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Emphasis on training, incident strategy recommended by board following firefighter's death

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Posted at 3:22 PM, Jul 22, 2019
and last updated 2019-07-22 15:23:31-04

MARRIOTTSVILLE, Md. — A year after Howard County Department of Fire and Rescue Services experienced their first-career line of duty death while battling a massive house fire in Clarksville, a review committee has returned a series of recommendations to improve safety and accountability in the department.

READ MORE: Firefighter dies battling massive house fire in Clarksville

Lt. Nathan Flynn was part of the first team of firefighters to respond to the house in the 7000 block of Woodscape Drive at about 2 a.m. on July 23, 2018. Firefighters were told people were in the house when they arrived. Flynn entered the home but fell through the first floor. A mayday was called, and a rapid intervention team was deployed to find Flynn among heavy smoke conditions in the basement. Once found, Flynn was rushed to Howard County General Hospital in critical condition. He died later at the hospital.

READ MORE: Howard County Fire Department grieves for fallen firefighter Nathan Flynn

The blaze grew to a 7-alarm fire, as multiple companies responded. After Flynn fell through the floor, firefighters mostly fought the flames from a defensive position. No other lives were lost in the fire.

READ MORE: Fallen firefighter remembered for service, dedication to family & community

An Internal Safety Review Board comprised of uniform personnel from the HCDFRS, neighboring fire departments, and outside agencies immediately began an investigation into Flynn’s death, HCDFRS said in a statement.

“Our fire department has implemented many changes since experiencing this tragedy last July, such as: continuing to increase the staffing levels on our front-line engines to meet the national recommendation of four, establishing a radio committee and self-contained breathing apparatus committee to review current functionality and procedures, and continuing our practical training programs such as live fire acquired structure training and fire-ground survival,” said HCDFRS Fire Chief Christine M. Uhlhorn. I thank the ISRB for their hard work over the past eleven months on this thorough and concise report and I am committed to reviewing all their recommendations as well as the National Institute of Occupational Safety and Health (NIOSH) recommendations when released. I am open to making the necessary changes that will impact the safety of our firefighters and paramedics.”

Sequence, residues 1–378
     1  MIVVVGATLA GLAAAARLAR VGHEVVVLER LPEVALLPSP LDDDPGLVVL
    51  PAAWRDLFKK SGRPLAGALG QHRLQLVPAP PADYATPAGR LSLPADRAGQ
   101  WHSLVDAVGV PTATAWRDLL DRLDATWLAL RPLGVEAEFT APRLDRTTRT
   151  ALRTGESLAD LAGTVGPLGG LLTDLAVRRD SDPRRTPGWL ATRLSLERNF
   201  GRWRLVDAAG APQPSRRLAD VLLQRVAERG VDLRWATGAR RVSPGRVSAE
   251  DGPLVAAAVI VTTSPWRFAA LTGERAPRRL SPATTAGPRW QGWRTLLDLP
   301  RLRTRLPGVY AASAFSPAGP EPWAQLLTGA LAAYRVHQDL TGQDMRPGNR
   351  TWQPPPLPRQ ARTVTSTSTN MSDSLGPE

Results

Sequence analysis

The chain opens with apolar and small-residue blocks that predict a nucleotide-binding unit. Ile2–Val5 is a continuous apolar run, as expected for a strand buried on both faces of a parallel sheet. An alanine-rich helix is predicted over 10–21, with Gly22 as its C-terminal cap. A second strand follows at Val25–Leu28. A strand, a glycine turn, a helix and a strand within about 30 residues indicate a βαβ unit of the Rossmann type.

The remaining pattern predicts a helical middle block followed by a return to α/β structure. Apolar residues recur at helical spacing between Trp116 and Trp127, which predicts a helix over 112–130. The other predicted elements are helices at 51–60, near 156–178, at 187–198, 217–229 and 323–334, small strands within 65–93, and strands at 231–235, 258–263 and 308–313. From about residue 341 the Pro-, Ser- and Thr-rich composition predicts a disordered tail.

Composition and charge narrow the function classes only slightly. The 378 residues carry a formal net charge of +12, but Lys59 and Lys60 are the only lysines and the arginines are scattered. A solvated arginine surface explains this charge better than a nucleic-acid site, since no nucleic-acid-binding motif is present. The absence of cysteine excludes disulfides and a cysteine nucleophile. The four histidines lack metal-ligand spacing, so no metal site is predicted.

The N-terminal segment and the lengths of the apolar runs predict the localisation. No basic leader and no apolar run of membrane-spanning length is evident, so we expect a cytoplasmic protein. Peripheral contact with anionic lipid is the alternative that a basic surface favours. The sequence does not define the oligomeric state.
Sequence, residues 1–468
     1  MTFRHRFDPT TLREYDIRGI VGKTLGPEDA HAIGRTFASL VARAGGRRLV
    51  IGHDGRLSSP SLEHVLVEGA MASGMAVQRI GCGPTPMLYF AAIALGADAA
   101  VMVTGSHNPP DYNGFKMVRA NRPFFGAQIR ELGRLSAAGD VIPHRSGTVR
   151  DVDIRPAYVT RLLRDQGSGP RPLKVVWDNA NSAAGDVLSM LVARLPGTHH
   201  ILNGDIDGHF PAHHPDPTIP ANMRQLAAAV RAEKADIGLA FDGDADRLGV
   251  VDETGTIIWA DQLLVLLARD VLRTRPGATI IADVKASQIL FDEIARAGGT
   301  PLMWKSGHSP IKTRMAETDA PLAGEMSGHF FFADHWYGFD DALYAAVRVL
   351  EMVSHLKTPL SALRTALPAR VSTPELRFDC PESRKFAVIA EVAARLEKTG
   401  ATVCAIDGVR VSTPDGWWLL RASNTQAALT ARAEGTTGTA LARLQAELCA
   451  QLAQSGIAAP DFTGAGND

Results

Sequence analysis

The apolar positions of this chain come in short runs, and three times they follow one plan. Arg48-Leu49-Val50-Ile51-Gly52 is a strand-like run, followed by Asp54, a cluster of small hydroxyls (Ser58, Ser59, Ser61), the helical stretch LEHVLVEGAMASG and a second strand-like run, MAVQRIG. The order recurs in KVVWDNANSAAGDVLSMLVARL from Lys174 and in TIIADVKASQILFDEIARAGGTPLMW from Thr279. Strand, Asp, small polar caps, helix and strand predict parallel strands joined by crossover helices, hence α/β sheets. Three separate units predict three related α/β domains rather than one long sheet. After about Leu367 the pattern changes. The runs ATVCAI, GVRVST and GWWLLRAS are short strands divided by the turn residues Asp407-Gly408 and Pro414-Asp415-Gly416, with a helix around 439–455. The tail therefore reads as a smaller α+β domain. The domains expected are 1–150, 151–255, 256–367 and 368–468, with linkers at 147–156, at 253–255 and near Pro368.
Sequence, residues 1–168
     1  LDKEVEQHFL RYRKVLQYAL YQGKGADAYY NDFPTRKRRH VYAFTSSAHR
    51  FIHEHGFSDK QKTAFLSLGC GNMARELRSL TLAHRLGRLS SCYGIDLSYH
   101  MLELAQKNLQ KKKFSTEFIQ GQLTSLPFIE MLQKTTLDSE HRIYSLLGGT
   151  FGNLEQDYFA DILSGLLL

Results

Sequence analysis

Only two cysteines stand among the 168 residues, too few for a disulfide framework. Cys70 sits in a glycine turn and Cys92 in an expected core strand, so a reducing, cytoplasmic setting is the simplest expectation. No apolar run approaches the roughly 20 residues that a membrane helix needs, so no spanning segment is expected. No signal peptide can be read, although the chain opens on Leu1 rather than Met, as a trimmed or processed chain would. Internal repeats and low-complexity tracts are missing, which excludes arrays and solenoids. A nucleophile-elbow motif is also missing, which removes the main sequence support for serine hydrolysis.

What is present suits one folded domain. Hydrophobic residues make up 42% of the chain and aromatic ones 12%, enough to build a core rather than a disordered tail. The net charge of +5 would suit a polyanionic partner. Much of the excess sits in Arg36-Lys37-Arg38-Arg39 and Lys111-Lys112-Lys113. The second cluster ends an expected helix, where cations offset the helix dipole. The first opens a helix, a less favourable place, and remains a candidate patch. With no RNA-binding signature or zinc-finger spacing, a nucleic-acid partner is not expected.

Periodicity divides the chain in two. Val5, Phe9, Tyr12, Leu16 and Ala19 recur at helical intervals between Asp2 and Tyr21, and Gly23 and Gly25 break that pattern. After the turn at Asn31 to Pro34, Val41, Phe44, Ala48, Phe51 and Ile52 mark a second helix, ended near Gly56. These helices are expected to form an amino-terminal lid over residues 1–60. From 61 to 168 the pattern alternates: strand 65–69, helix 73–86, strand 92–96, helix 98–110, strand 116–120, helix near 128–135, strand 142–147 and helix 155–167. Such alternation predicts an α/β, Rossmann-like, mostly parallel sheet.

The report included such recommendations as:

  • Establishing a clear and consistent Philosophy of Command throughout the department
  • New, more stringent training based on competency, hands-on experience in realistic conditions and emphasizing “practical error prevention and error trapping”
  • Enhancing communication for on the ground units and creating a closed-loop radio communication
  • Enhancing the accountability of on the ground fire crews
  • Growing the ability of officers within the department to establish incident strategy and make sure all involved departments can execute effective tactics

“Our fire department has implemented many changes since experiencing this tragedy last July, such as: continuing to increase the staffing levels on our front-line engines to meet the national recommendation of four, establishing a radio committee and self-contained breathing apparatus committee to review current functionality and procedures, and continuing our practical training programs such as live fire acquired structure training and fire-ground survival. I thank the ISRB for their hard work over the past eleven months on this thorough and concise report and I am committed to reviewing all their recommendations as well as the National Institute of Occupational Safety and Health (NIOSH) recommendations when released.”

An extensive breakdown of the review board’s report and findings can be seen online.